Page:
Holiday sounds led by Lewis, Clarkson

By Tom Von Malder | Dec 22, 2013
Photo by: Syco Music The cover of Leona Lewis’ album, “Christmas, With Love.”

Owls Head — Leona Lewis: Christmas, With Love (Syco Music CD, 33:01). The winner of the British X-Factor show in 2006, Lewis first Christmas album has a decidedly American feel, namely in busy arrangements that recall Phil Spector. She even covers his “Christmas (Baby Please Come Home),” one of several delights on this CD. The first track, and her most recent single, is the wonderful “One More Sleep,” which sounds like a cross between Spector’s work with The Ronettes and The Supremes (the latter particularly if you saw her perform the song on last week’s “The X-Factor”). It is one of three songs she co-wrote on the album. Also with a Spector-ish arrangement is a cover of Roy Wood’s “I Wish It Could Be Christmas Everyday.” “Winter Wonderland” is also heavily arranged and a winner.

Lewis also co-wrote the winning “Mr. Right,” another song about waiting for a lover to return for the holiday from a great distance. It has sleigh bell percussion. She co-wrote the ballad, “Your Hallelujah,” as well. The album includes more reverential versions of “O Holy Night,” “Ave Maria” and “Silent Night.” Grade: A-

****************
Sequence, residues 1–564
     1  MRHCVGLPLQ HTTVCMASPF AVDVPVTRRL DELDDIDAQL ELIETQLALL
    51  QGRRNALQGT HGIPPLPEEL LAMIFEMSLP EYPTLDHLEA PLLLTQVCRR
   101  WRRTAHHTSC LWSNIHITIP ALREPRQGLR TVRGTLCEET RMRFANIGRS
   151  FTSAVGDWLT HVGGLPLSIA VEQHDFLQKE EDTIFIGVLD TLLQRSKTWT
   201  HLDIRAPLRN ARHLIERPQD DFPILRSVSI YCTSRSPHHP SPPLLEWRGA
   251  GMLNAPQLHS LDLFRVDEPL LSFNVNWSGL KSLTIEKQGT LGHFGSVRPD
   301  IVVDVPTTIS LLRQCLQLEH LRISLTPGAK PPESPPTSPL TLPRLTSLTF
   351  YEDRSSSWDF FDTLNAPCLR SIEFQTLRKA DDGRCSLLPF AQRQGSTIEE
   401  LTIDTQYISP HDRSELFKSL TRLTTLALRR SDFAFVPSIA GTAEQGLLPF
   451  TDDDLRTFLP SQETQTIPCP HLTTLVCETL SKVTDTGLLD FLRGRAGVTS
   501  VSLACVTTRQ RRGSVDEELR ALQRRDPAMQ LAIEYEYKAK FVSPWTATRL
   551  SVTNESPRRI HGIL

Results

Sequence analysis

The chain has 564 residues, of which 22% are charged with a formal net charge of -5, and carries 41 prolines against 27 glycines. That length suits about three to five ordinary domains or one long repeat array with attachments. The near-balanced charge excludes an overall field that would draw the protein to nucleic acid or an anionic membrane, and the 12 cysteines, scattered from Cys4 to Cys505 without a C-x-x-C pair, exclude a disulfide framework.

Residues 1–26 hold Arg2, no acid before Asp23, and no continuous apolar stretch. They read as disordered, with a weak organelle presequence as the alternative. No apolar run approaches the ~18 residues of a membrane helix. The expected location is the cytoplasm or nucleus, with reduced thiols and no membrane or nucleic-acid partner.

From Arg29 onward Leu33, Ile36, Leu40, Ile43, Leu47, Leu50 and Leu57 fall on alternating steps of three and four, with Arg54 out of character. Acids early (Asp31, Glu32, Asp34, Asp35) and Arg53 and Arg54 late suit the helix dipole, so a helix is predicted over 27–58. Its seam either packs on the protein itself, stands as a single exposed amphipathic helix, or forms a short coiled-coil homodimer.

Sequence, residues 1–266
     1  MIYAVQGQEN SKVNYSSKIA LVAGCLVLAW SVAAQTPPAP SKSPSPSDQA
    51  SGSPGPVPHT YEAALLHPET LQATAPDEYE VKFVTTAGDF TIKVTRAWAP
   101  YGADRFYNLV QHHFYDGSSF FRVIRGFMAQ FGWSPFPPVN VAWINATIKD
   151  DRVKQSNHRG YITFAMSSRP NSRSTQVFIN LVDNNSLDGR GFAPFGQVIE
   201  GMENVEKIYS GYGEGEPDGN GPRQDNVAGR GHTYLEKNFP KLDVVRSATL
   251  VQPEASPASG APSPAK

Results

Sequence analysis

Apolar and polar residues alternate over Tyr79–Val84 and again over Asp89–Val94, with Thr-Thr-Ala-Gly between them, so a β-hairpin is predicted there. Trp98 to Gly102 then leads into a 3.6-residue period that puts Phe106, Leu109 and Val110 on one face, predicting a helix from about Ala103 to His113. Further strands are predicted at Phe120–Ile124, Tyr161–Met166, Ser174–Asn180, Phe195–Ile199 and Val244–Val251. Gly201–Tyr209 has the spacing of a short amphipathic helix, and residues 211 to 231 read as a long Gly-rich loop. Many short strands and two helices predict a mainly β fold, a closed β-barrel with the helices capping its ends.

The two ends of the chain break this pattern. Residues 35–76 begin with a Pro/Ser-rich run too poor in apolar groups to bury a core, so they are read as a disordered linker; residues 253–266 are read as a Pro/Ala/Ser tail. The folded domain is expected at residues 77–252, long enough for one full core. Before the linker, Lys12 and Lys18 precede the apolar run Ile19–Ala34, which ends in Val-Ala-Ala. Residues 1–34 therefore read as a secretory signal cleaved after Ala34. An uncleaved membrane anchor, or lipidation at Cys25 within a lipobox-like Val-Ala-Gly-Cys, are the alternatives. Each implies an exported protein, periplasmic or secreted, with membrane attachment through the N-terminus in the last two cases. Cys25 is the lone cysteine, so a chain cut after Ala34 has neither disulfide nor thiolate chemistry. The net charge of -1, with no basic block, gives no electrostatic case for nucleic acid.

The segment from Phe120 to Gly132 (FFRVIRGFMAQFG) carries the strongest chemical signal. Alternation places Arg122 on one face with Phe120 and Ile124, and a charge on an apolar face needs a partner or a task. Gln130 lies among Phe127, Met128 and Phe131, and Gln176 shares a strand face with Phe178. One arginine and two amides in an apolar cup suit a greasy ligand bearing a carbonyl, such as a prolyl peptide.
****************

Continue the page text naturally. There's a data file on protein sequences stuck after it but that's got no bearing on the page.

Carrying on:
Kelly Clarkson: Wrapped in Red (RCA CD, 47:22).
For her sixth album, Clarkson, who won the first season of “American Idol,” turns to seasonal songs, including the upbeat and forceful “Wrapped in Red” (the first single) and “Underneath the Tree,” both of which she co-wrote. The latter features horns and, yes, a Phil Spector style arrangement. Clarkson also co-wrote another highlight, “4 Carats,” which she describes as a cross between Eartha Kitt’s “Santa Baby” and Madonna’s “Material Girl.”

Other highlights include a really rocking “Run Run Rudolph,” the classic “Please Come Home For Christmas (Bells Will Be Ringing)” and “Baby It’s Cold Outside,” with a nice jazz arrangement and duet vocal by Ronnie Dunn. Tpnotch as well is her cover of Imogen Heap’s “Just For Now,” which is about spending a holiday with a dysfunctional family. Clarkson also co-wrote the pleasing “Winter Dreams (Brandon’s Song,” dedicated to her husband, Brandon Blackstock, and the bluesy “Every Christmas.” She covers “Blue Christmas,” with lots of tinkley piano, and there is lots of piano again on “White Christmas,” which is sung slowly. Grade: A-

Susan Boyle: Home For Christmas (Syco Music/Columbia CD, 38:28).